When Georgia defensive tackle Abry Jones realized he wasn't getting drafted, he started looking around the NFL at potential landing spots as a free agent.
Jacksonville stood out, and not just because it was close to home.
The Warner Robins, Ga., native saw a new general manager, a new head coach and a gutted roster that surely would lead to open competition at nearly every position.
"It's a great place for rookies," Jones said Sunday.
No doubt. The rebuilding Jaguars expect to open the season with 12 to 15 rookies, maybe even more.
Most starters already have been penciled in. But several positions, including just about every backup spot, are up for grabs. That put a little extra emphasis on the team's three-day rookie minicamp that ended Sunday.
A handful of undrafted rookies stood out, including fullback Lonnie Pryor, linebacker LaRoy Reynolds, tight end Ryan Otten, offensive tackle R.J. Dill, receiver Tobais Palmer, running back De'Leon Eskridge and defensive ends Paul Hazel and J.D. Griggs.
Eskridge and Griggs attended the camp on a tryout basis and could sign with the team Monday.
"I enjoyed every moment," Eskridge said. "It's a good opportunity."
None of those guys got as much attention as Jacksonville's draft picks. First-rounder Luke Joeckel, second-round safety Johnathan Cyprien and former Michigan quarterback Denard Robinson drew the most interest.
But when Caldwell and coach Gus Bradley are filling out the 53-man roster in September, undrafted players are sure to be in the mix for the final spots.
"I really had a tough time initially with the NFL because there's a sense of disloyalty," Bradley said. "They're here and then you cut them. When I first started out, that was new to me. I didn't know if I liked that part because in college you recruited them and you grow with them through the whole thing.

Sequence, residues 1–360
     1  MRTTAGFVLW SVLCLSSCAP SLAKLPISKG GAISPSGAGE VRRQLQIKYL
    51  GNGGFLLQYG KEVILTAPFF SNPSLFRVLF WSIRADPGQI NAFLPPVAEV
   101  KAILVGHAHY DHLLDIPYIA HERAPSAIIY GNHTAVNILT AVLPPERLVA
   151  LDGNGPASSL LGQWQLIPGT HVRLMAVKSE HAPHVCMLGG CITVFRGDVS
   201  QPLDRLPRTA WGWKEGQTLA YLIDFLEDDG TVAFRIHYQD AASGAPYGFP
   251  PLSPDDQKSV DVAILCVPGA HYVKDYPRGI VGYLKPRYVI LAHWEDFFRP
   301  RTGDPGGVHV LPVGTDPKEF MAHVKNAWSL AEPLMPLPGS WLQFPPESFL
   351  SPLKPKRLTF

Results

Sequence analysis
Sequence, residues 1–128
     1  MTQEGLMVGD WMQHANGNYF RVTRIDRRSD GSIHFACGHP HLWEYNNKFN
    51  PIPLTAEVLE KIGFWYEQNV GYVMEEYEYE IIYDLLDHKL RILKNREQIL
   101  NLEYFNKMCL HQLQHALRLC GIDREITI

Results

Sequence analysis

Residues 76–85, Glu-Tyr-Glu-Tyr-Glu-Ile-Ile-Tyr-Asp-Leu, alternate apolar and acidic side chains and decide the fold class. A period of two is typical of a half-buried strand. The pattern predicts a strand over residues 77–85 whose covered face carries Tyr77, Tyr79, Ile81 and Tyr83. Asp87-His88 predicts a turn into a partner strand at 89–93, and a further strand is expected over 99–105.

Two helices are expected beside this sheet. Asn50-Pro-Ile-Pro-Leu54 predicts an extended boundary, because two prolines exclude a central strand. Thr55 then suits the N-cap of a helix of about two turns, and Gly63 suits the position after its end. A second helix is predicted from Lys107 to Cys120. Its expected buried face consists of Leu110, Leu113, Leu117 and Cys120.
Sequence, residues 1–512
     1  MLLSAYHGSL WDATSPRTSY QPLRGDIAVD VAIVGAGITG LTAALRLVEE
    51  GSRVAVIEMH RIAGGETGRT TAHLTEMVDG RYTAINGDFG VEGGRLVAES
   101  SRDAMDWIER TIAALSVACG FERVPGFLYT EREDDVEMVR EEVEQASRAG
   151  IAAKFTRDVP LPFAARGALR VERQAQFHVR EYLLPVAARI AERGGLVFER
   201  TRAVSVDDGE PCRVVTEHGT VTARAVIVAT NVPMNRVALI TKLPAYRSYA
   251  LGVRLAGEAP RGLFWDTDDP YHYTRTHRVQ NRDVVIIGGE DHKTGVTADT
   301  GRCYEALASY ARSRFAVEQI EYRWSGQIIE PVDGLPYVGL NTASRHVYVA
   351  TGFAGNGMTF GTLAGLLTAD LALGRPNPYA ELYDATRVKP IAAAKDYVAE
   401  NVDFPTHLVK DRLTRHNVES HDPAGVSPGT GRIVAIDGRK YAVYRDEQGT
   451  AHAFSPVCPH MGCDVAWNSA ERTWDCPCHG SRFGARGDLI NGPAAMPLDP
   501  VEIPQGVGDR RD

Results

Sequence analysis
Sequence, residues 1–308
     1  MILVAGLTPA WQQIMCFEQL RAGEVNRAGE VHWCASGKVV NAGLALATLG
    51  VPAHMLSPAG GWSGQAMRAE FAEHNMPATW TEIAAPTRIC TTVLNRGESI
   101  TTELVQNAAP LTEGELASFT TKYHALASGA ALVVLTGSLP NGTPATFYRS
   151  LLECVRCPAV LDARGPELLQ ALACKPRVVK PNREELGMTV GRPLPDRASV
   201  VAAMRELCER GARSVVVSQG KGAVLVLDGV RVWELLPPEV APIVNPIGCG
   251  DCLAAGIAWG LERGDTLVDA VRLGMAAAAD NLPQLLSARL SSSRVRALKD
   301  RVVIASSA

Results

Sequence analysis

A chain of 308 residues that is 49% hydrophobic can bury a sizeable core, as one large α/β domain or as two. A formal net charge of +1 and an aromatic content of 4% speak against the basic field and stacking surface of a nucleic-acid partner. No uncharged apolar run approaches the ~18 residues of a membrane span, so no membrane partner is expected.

"The way I've been able to deal with it is this: I've told them the loyalty comes with us coaching every one of you as hard as we can."
Still, the opportunities are obvious.
Jaguars owner Shad Khan fired general manager Gene Smith, the architect of the roster the last four years, after the worst season in franchise history.
Caldwell took over in January and started making changes.
The Jaguars parted ways with about two dozen veterans, including three-fourths of their starting secondary, a starting linebacker, a starting defensive tackle, a starting fullback, a backup running back, a backup tight end and a few receivers.
"I felt like if I had to go anywhere to get a starting position, this would be the best route for me to go," said Pryor, whose interest in Jacksonville grew after longtime Jaguars fullback Greg Jones signed with Houston. "This franchise has gone through a lot of changes and probably will have more."
Running back Maurice Jones-Drew, linebacker Paul Posluszny, tight end Marcedes Lewis, defensive end Jeremy Mincey, receiver Cecil Shorts III, safety Dwight Lowery, place-kicker Josh Scobee, punter Bryan Anger and offensive linemen Eugene Monroe, Uche Nwaneri, Brad Meester and Will Rackley are among those considered safe.
Jacksonville also seems committed to the six veterans signed in free agency.
Even quarterbacks Blaine Gabbert and Chad Henne seem immune to the overhaul for now.
But that didn't prevent former Arizona quarterback Matt Scott and former Vanderbilt quarterback Jordan Rodgers from signing as undrafted rookies.
"It's a good position for a quarterback to be," Scott said. "They're going to have open competition, so we'll see how it goes."
Scott (ankle) and Rodgers (groin) sat out Sunday's practice, but both expect to be ready when the Jaguars begin organized team activities May 13.
And just like the other 30-plus rookies on Jacksonville's roster, they all have a chance.
"They sense it," Bradley said. "That was one of the reasons why it was a good free agency group for us — because they knew the opportunity."